**Thom Loverro (guest host):**

- Who wrote
*The Old Man and The Sea*? - What was the name of the bar owned by Humphrey Bogart in
*Casablanca*? - Name three heavyweight boxing champions.

**Kevin Sheehan (regular host):**

- Who was Clark Kent’s alter ego?
- Name one of the two fighters in the “Thrilla in Manila.”
- Who won the first Super Bowl?

**Greg Hough (producer):**

- Name one James Bond movie and the actor who played James Bond in it.
- Who did Rocky beat to win the title?
- With what team did Brett Favre win a Super Bowl?

During the rounds of trivia, Loverro remarked, “If you can name three heavyweight champs but haven’t seen *Casablanca*, then you’re still in puberty.”

This made me wonder:

What three questions would you ask to determine if someone is

a real woman?

One possible question might be, “Name two of the three actresses who tortured their boss in the movie *Nine to Five*.” Then I remembered that women don’t play the same stupid games that men do. And I realized that strolling too far down that path will lead to hate mail or a slap or both. So, let’s move on.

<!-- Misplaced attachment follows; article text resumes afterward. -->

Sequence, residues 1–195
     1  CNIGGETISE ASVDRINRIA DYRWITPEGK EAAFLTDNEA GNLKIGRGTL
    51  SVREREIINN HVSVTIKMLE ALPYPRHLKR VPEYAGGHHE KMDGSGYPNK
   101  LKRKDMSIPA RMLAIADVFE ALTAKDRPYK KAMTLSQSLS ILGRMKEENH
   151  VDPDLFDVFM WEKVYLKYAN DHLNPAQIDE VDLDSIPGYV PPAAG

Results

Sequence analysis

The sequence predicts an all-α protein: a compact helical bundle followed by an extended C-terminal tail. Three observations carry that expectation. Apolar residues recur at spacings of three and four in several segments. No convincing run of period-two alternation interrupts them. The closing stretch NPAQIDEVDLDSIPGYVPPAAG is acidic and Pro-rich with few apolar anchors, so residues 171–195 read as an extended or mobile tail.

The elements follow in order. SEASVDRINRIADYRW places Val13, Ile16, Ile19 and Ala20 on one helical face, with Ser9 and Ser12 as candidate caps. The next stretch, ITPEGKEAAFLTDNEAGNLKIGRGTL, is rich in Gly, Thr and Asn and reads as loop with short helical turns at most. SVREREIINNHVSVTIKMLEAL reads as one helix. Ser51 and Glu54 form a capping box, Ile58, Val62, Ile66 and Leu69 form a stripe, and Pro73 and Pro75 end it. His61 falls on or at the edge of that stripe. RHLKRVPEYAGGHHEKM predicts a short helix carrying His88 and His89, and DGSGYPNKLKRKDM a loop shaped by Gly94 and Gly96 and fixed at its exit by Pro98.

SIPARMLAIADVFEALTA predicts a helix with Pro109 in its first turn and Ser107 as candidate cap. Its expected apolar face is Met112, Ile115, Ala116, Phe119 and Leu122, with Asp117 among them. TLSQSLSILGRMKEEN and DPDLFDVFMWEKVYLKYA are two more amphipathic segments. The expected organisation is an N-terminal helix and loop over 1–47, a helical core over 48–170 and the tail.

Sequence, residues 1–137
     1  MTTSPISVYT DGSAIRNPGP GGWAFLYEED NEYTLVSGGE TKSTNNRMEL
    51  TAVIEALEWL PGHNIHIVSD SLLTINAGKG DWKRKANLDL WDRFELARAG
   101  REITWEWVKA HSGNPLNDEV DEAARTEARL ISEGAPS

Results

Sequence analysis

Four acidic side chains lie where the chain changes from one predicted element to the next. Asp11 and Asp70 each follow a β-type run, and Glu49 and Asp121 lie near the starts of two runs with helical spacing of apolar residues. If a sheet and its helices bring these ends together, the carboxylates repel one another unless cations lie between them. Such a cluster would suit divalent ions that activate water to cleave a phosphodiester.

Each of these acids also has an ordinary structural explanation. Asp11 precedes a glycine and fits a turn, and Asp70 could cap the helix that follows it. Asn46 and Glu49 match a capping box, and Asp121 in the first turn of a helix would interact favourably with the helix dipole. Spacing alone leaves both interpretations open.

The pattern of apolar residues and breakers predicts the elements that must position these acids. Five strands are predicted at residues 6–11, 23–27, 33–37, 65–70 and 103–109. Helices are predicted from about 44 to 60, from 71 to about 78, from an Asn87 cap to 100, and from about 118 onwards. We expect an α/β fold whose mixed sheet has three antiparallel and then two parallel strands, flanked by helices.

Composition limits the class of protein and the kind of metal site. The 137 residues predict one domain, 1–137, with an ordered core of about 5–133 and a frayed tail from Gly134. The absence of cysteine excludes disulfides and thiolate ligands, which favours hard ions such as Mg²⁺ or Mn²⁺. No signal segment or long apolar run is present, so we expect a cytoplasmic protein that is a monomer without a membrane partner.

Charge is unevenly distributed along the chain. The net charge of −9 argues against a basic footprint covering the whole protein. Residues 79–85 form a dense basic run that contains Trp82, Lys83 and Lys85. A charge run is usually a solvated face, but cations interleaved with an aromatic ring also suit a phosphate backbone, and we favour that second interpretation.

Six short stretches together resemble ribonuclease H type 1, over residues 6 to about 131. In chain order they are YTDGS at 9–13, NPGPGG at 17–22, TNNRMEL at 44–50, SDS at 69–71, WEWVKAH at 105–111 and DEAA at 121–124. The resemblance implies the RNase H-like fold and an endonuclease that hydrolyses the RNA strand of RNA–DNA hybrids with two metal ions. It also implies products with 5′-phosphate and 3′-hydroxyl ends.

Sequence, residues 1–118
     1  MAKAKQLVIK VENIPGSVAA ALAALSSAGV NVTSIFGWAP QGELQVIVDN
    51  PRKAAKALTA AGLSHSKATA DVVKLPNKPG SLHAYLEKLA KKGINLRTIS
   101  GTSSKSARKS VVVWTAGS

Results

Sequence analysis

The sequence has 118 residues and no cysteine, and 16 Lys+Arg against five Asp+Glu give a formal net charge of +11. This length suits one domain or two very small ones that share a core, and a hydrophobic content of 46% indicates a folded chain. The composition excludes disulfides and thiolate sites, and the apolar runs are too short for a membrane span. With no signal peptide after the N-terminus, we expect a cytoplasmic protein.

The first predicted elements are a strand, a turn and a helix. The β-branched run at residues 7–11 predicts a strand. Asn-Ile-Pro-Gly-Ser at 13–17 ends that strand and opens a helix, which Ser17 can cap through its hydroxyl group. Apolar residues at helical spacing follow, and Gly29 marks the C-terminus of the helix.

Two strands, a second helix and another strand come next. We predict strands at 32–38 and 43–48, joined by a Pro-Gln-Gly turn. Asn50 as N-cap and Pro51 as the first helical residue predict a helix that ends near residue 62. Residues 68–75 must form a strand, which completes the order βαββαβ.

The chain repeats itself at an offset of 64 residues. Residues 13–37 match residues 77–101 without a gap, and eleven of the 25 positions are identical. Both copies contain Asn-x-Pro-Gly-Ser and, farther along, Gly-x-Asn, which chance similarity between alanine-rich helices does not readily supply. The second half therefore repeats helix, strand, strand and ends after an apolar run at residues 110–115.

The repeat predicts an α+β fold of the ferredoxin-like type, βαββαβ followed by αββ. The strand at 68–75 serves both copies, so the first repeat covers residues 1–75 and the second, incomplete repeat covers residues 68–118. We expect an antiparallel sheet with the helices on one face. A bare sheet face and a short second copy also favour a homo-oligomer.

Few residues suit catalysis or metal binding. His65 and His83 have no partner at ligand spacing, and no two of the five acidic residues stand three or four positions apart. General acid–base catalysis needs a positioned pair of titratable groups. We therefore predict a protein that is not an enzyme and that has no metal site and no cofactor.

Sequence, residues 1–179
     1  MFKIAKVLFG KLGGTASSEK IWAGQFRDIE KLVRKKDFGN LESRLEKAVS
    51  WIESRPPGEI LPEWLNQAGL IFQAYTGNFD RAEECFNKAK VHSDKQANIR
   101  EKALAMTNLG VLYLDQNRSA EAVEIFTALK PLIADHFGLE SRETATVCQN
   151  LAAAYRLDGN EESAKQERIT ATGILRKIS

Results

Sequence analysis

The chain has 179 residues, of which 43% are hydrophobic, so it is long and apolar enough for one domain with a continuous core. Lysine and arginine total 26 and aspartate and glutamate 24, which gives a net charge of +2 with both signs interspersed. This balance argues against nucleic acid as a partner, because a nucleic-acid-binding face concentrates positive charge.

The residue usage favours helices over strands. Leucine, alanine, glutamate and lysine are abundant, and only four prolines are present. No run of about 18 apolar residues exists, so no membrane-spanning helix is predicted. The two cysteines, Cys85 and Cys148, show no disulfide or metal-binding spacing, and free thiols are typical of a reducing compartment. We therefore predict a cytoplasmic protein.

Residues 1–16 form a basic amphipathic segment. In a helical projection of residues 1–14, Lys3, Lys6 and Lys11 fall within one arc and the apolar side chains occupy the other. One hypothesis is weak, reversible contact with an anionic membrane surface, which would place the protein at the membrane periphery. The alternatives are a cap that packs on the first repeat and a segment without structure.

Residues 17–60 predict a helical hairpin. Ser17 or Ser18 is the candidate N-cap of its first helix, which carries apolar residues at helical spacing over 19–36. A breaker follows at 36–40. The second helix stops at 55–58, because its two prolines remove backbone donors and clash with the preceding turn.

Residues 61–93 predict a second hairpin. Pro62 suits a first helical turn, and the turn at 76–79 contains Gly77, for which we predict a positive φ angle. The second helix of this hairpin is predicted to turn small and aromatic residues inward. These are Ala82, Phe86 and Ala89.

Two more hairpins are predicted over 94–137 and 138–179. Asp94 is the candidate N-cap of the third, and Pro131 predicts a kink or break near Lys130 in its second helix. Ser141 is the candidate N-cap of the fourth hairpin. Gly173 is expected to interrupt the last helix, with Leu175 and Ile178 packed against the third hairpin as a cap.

It also made me wonder if there are three questions you could ask to determine if someone is **a real math geek**. Sure, you could use the Math Purity Test, but that’s 63 questions. A 95% reduction in the number of items would be most welcome.

So, here are my three questions:

- What’s the eighth digit (after the decimal point) of π?
- What’s the punch line to, “Why do programmers confuse Halloween and Christmas?”
- Name seven mathematical puzzles that have entered popular culture.

And my honorable mention:

- What’s the airspeed velocity of an unladen swallow?